Designing change

by eskokilpi

Mainstream thinking sees a community on a different level from the individuals who form it. The social is seen as separate from the individuals. From a Designing Change -point of view, this would mean different plans and actions on the individual level and different plans and actions on the communal level. And this is how we often think.

Another, newer, approach sees individuals themselves as social. Both the individual and the social are then about the same thing: interaction. The main difference from the first approach is that the individual and the social cannot here be separated or even understood separately. Both our individual and organizational lives are co-created in an interconnected network.

The human mind is not located and stored in an individual. Rather, what we have called the individual mind is something that arises continuously in relationships between people, in communication. This is also how organizations are born and how they develop.

If you want to change things, you have to understand what happens in that communication. Designing change starts with studying the patterns of interaction and then influencing interaction.

Interaction starts always with acknowledgement. It is about granting attention to others and making room for them in our lives. Thus how we connect has tremendous significance. Who do I acknowledge and who acknowledges me? The modern version of hierarchies is inclusion and exclusion. Who do I talk to and who are the people I don’t talk to. Who do I listen to and who are the people I don’t listen to?

In this model, communication takes the form of a gesture made by an individual, that suggests a response from someone else. The gesture is also called a bid. There is no linear causality from the gesture to the response. The response is always a choice. The meaning of the gesture can only be known in the response. If I smile at you and you respond with a smile, the meaning of the gesture is friendly, but if you respond with a cold stare, the meaning of the same gesture is contempt. Gestures and responses cannot be separated but constitute one social act.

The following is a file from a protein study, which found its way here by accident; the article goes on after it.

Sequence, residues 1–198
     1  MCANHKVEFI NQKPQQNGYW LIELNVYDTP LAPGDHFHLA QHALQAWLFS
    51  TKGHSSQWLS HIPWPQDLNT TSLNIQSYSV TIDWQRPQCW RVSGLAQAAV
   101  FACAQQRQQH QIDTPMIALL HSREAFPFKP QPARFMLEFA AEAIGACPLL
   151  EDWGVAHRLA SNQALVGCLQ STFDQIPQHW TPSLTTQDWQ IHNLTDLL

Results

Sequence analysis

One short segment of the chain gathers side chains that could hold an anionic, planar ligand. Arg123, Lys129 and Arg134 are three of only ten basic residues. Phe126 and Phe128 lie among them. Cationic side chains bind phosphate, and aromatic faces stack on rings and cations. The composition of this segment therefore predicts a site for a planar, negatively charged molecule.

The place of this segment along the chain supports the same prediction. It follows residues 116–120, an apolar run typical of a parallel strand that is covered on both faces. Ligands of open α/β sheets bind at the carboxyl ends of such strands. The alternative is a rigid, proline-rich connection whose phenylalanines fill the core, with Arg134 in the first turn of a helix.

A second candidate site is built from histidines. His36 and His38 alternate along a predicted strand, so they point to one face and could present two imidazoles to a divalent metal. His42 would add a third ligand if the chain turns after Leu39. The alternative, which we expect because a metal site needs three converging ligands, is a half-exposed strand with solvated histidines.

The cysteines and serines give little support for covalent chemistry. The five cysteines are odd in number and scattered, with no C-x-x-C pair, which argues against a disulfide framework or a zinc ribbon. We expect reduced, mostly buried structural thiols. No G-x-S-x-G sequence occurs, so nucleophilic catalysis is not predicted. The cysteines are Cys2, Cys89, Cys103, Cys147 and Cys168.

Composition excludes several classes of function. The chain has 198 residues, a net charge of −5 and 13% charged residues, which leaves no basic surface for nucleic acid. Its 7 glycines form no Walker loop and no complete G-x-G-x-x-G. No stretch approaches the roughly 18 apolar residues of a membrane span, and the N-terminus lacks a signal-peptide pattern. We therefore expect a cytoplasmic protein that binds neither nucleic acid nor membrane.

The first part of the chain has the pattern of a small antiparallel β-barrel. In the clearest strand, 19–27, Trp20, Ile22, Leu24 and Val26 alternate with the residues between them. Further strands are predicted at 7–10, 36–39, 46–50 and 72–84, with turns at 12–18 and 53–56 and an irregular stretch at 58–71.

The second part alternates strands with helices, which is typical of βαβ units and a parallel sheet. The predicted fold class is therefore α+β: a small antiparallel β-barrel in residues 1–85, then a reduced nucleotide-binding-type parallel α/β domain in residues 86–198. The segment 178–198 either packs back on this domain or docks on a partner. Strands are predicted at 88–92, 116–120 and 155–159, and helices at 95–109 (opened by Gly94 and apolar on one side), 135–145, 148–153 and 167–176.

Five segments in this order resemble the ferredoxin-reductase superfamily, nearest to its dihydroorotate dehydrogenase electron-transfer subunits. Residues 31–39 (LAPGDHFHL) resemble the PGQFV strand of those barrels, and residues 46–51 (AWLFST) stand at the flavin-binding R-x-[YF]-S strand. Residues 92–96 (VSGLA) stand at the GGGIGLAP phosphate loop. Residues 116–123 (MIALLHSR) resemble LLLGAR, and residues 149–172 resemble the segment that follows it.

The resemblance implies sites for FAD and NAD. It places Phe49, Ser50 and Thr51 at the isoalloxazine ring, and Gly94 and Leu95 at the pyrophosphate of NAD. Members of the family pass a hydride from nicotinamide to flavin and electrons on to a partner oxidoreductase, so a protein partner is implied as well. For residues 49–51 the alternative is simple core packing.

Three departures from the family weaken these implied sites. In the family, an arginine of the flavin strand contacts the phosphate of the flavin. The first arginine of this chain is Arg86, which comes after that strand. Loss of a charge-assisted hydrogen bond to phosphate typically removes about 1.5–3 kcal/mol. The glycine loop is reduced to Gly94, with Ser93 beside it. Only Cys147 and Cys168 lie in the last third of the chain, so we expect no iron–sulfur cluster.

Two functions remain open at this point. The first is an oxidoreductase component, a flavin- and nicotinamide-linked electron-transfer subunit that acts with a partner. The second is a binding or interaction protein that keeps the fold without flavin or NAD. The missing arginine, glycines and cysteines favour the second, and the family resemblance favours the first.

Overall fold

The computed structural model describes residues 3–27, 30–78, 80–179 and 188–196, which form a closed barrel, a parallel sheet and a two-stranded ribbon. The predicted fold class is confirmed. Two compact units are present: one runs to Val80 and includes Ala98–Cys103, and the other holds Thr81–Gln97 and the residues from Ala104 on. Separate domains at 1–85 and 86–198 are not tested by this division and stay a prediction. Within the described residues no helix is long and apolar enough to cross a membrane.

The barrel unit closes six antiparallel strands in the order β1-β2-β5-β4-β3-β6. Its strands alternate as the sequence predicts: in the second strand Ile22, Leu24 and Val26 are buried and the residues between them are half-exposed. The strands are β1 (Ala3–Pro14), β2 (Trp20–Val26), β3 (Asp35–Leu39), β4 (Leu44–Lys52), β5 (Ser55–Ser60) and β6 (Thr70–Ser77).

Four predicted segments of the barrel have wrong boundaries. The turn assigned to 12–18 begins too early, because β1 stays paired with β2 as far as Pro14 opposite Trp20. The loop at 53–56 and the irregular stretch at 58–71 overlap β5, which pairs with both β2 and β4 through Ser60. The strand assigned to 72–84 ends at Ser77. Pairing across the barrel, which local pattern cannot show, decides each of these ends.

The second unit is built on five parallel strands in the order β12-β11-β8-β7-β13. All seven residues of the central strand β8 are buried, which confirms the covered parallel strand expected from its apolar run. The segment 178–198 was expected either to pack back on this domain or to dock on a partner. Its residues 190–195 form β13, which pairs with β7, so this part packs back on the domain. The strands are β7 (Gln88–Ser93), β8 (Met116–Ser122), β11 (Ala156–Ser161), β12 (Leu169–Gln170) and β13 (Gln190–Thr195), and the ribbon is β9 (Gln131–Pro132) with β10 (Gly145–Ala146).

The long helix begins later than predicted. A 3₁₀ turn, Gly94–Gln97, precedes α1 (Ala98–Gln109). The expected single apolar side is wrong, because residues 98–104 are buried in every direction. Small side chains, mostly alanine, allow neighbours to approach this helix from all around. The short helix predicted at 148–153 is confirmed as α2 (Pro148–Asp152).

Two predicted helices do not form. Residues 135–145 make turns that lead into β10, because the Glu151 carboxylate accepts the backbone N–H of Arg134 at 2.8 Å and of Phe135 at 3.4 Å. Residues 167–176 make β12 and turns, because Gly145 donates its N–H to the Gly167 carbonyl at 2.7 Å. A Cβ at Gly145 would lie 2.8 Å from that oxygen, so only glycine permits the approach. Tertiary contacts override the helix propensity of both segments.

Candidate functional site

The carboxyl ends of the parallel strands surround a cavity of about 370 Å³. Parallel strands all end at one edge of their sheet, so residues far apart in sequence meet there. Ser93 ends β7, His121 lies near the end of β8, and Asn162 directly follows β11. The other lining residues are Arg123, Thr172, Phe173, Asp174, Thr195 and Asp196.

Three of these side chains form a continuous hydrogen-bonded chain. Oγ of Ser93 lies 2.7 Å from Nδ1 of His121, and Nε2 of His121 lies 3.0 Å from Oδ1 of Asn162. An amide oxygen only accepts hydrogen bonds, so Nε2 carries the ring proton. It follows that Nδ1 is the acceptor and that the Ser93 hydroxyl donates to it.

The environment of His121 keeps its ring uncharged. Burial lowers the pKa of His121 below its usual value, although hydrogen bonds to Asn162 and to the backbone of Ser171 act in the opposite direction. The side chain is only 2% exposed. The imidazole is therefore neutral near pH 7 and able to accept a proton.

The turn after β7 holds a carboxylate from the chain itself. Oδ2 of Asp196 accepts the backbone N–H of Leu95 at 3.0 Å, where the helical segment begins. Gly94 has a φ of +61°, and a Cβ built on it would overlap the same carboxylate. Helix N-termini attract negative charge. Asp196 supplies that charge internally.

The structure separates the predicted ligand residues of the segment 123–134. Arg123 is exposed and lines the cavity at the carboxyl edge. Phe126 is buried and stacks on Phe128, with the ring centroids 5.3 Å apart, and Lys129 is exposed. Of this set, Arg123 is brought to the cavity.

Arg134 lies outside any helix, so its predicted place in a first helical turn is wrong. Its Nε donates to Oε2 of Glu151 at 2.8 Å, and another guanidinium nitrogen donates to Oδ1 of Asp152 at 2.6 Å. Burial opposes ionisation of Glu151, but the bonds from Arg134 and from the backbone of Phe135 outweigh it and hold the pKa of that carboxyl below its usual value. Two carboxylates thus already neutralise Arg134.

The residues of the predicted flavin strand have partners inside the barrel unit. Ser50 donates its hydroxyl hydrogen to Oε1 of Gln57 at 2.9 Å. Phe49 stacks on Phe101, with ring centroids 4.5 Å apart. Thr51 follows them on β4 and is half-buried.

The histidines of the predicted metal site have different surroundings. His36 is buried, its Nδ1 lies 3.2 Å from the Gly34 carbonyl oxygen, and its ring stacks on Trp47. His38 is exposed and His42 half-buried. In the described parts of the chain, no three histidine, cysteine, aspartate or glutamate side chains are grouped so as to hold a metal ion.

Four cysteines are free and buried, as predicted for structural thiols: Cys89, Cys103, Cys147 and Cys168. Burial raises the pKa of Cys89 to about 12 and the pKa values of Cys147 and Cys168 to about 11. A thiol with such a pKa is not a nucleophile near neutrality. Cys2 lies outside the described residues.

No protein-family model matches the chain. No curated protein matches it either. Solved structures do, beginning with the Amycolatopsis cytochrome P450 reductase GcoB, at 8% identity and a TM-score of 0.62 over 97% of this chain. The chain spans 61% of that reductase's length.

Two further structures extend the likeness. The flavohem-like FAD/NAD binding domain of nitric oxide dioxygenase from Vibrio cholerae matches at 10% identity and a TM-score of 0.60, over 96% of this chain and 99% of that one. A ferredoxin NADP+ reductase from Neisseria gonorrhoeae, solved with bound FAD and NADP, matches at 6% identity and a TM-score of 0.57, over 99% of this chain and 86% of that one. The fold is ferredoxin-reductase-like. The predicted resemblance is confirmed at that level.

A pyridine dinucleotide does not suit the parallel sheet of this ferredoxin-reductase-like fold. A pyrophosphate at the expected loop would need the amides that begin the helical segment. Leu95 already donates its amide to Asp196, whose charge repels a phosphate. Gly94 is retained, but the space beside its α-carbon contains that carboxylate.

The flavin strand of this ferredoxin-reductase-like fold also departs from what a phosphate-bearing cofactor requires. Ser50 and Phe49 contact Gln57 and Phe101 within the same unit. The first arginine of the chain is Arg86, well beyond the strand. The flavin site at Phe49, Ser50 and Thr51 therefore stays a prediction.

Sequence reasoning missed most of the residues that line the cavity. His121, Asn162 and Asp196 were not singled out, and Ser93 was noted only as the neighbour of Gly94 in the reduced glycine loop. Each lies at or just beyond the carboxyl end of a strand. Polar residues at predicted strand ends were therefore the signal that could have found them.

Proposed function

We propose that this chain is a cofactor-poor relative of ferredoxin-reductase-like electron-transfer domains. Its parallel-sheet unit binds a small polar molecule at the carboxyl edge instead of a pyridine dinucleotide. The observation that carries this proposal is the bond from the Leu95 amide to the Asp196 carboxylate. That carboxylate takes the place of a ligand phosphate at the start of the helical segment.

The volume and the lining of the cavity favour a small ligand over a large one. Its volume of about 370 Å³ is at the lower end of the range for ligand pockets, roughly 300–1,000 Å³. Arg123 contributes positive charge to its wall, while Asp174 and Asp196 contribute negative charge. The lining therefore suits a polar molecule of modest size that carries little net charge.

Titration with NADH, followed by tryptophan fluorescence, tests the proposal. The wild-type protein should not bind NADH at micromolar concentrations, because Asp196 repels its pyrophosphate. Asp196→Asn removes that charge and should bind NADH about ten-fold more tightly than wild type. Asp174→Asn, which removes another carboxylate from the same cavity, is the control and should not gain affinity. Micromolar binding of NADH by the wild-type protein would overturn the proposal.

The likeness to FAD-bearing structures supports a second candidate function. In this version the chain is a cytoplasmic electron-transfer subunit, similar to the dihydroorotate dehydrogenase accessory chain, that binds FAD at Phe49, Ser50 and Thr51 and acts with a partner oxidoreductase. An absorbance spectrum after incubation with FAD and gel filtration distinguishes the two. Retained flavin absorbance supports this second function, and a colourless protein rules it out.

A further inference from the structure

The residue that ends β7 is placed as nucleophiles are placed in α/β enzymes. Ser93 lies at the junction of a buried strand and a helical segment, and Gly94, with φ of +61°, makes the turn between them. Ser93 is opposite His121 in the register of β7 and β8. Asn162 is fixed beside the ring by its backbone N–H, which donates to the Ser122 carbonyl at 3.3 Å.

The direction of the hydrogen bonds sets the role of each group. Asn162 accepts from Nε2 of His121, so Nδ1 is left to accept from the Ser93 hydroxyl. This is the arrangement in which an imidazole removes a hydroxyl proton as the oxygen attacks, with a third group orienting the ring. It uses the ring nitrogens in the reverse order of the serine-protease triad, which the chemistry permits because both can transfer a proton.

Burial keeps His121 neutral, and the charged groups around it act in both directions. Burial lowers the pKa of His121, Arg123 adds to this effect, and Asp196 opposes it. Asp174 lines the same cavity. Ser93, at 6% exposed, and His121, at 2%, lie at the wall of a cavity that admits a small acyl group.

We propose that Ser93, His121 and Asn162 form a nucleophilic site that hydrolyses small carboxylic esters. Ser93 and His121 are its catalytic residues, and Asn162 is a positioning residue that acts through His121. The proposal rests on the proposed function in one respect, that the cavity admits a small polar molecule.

Do you turn towards me or do you turn away when I talk to you? Not answering is turning away. Is your response constructive although you don’t agree with me, or do I see it as destructive? The thing is that neither side can independently choose the meaning, or control the conversation. It is always co-created.

Change starts often with recognition between new people with different views and different approaches, evolving into a creative, complementary sense of consciousness. Designing change is sometimes about new connections, new people taking part. It is about new agendas, asking different kind of questions and pointing to different kinds of issues.

It is especially about analyzing how and when we get stuck in the forward movement of thought. Is it in endless advocacy, instead of collaborative inquiry? Is it in self-absorption? Is it about a “me” instead of an “us” orientation in the way we interact?

The requirement for efficient work is not necessarily to have common goals or to reach agreements. Creative work is a movement of thought that is always based on working with differences. Paradoxically you always need people who agree, but equally, you need people who don’t think like you. Thinking develops best through constructive friction and argumentation.

The most important metrics are about how the common narrative develops? An organization should be seen as a pattern in time, a continuing story. New people join this narrative and people leave. Work is dynamic participation and influencing how the story develops towards the future.

The key management role is to enhance the speed of the interactive movement of thought, often expressed as the entrepreneurial capacity for transforming ideas into customer value.

There can be no change without changes in the patterns of communication. Organizations of any kind, no matter how large or how small they are, are continuously reproduced and transformed in the ongoing communicative interaction.

The distinctive characteristic of a high productivity organization is the capacity to generate expansive, positive, emotional states. Emotions can thus be seen as the driving force behind cognition and action. There is a lot of truth in the sentence “I don’t remember what you said, but I remember how you made me feel”.